Vermont Public is independent, community-supported media, serving Vermont with trusted, relevant and essential information. We share stories that bring people together, from every corner of our region. New to Vermont Public? Start here.

© 2024 Vermont Public | 365 Troy Ave. Colchester, VT 05446

Public Files:
WVTI · WOXM · WVBA · WVNK · WVTQ · WVTX
WVPR · WRVT · WOXR · WNCH · WVPA
WVPS · WVXR · WETK · WVTB · WVER
WVER-FM · WVLR-FM · WBTN-FM

For assistance accessing our public files, please contact hello@vermontpublic.org or call 802-655-9451.
Play Live Radio
Next Up:
0:00
0:00
0:00 0:00
Available On Air Stations

Explore our latest coverage of environmental issues, climate change and more.

McCallum: Fireflies

One recent warm night, as I sat on my back porch listening to the final evening song of the hermit thrush, I was delighted to see the woods twinkling with lightning bugs.

Also called fireflies and glow worms, these light emitting insects carry the scientific name of Lampyridae, which I cannot help but notice has the word lamp in it. But while there are about 2,000 species throughout Asia and the Americas, these small blinky beetles immortalized in poem and song are becoming less plentiful.

A 2008 article in the New York Times cited fragmentation and degradation of habitat as factors. And while human development brings pesticides and pollution, it’s light pollution that may be a key factor in why firefly numbers are declining. On a sultry night it’s the males who do the flashing to attract the females, and the synchronized winking that helps them meet and mate gets thrown off rhythm by the light of urban development. So where we used to see tiny airborne lanterns looking for love, we now see houses with artificial outdoor lighting - truly a case of too much light at night.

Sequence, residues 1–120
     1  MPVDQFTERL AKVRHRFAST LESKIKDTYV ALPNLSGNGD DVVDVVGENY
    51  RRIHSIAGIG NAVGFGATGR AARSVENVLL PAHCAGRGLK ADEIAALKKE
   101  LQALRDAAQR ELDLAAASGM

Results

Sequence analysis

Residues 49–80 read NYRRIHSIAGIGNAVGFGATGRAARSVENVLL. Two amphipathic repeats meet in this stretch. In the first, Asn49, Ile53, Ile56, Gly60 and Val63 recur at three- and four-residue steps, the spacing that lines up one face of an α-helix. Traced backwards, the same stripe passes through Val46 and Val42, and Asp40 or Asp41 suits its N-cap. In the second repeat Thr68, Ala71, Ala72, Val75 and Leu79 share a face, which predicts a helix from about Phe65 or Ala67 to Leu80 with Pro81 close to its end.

In Thailand there’s a river that used to glow with the pulsing of thousands of lightning bugs covering the trees along its banks. Fishermen were able to find their way by using their glow, and the light show became so famous that firefly tourism took hold. Years later, nighttime motorboat traffic and the light pollution of riverside development have all but extinguished this natural radiance.

Not long after the evening that I saw a few pinpricks of light skipping across my yard, I stood in a dark meadow in southern Vermont and witnessed a stunning display of bioluminescence as hundreds of fireflies courted above the tall grass. I was encouraged by their numbers and felt like a kid in summer again as I watched the winged adults play the dating game.

In fact, I was a kid when the Mills Brothers recorded their 1950s smash hit about fireflies, called Glow-Worm. The catchy tune captured the innocence of a time when phrases like environmental degradation and endangered species were mere glimmers on the distant horizon. The song’s lyrics were simply about courtship, and urged the males to “glow for the female of the species, turn on the AC and the DC... see how the shadows deep and darken, you and your chick should get to sparkin.”

Lightning bugs capture our imaginations. They remind us of carefree nights spent chasing after them through the twilights of our childhood. And I can’t help but think that if these small twinkling beacons of light should disappear entirely, our summer nights would be much darker indeed - and much less magical.

Mary McCallum is a freelance writer and former prison librarian who now works with Vermont elders.
Latest Stories